Declan Troy, assistant director of research at Teagasc, the Irish Agriculture and Food Development Authority, said the initial seven years of the NutraMara programme had been to set the foundations, which was now ready to “spring board” private-public partnerships.
Troy, who is also director of the government-funded programme, said the main focus had been on fish discards as a source of lipids and carbohydrates as well as macro and micro algae.
Talking with us at the industry event Vitafoods in Geneva, he said the project sought to mimic the success of Ireland’s dairy industry and build on its research capabilities within food.
“We see 10,000 tonnes of [marine] biomass available that really ends up as pure waste, as fertiliser or low-grade products. The aim of NutraMara is to add value to these by-products and therefore enhance the sustainability of the marine and food industry.”
A similar process had been seen in the past for whey, a by-product of the dairy industry used as a source of protein in the food and supplement sector.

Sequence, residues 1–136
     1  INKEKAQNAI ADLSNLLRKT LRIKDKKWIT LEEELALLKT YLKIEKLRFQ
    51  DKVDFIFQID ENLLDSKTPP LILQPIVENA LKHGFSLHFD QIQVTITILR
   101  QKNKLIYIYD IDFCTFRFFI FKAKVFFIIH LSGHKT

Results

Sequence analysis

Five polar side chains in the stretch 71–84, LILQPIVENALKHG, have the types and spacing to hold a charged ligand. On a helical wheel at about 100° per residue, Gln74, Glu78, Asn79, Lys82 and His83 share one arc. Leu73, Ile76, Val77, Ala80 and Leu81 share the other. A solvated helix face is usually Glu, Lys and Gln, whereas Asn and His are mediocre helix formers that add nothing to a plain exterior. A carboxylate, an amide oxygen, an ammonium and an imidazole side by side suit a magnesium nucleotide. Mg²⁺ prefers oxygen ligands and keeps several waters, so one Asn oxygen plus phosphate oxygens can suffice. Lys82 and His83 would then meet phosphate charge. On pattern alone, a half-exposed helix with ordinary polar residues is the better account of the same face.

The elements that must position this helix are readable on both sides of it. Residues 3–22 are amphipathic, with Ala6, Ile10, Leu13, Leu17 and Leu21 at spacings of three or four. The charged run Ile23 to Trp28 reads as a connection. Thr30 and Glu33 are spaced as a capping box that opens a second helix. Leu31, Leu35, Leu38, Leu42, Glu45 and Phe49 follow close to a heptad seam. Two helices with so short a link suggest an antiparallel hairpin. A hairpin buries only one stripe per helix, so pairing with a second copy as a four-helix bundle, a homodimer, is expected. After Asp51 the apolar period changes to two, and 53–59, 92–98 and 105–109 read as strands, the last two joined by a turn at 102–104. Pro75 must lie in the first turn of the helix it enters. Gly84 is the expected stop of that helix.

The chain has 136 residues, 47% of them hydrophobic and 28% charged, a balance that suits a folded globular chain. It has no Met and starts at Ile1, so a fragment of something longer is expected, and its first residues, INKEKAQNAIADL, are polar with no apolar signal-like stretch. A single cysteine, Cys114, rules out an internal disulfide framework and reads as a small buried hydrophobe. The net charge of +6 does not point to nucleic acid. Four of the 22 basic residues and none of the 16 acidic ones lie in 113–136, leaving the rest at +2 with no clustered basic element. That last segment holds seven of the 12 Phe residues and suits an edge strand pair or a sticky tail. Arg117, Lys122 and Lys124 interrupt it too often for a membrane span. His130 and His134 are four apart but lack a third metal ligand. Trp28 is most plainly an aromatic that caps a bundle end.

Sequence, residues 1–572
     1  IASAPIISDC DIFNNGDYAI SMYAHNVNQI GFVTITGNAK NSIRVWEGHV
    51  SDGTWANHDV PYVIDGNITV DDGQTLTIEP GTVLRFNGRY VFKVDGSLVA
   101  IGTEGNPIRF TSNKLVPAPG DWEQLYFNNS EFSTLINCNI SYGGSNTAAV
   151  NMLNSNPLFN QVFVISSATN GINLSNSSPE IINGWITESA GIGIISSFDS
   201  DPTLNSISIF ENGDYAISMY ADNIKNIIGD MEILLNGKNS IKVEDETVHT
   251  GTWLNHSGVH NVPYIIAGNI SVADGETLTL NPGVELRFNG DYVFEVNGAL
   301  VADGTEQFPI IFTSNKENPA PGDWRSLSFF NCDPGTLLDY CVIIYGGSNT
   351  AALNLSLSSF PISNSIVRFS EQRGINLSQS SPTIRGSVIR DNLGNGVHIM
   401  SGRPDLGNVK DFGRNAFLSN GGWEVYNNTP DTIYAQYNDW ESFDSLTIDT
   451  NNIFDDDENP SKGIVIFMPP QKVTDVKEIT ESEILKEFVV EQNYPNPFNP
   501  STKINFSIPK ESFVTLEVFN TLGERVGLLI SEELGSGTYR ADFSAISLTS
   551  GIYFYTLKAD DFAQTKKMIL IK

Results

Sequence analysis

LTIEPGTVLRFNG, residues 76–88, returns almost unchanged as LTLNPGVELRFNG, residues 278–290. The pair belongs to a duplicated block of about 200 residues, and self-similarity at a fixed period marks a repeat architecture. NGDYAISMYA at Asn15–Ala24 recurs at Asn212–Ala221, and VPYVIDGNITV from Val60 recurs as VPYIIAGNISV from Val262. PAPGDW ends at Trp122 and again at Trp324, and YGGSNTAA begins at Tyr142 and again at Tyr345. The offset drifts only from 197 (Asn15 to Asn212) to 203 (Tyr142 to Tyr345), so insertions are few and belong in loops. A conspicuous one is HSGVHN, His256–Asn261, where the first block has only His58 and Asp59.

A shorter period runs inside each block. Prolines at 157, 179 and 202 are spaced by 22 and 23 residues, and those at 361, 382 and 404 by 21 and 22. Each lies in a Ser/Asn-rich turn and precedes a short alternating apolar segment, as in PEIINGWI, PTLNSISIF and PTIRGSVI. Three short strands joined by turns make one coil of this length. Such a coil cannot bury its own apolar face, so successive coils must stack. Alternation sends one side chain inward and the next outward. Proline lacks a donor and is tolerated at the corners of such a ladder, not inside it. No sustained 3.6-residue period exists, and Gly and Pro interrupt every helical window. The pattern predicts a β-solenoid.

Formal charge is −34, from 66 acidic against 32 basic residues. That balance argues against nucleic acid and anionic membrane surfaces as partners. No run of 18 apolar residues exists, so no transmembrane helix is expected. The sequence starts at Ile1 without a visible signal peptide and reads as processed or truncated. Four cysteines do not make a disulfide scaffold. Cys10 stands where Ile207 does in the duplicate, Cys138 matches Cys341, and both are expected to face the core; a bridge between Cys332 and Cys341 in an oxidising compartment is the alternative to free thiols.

So far the project has employed 30 scientists from various disciplines to create a number of seaweed, marine and microalgae extracts and purified compounds. Troy said there was currently over 100 functional components in the pipeline.
Sustainable cultivation was also a key focus of the project.
The fruits of these last seven years will be presented at its conference ‘Harnessing Marine Bio-resources for Innovations in the Food Industry’ at the Royal Dublin Society this month.
One part of the programme was to gauge consumer perspectives on marine ingredients. According to NutraMara research, consumers saw marine foods as ‘good for you’. Two examples of this were chitin from crab and prawn shell as an anti-obesity ingredient and seaweed extracts as an antioxidant for use in dairy products.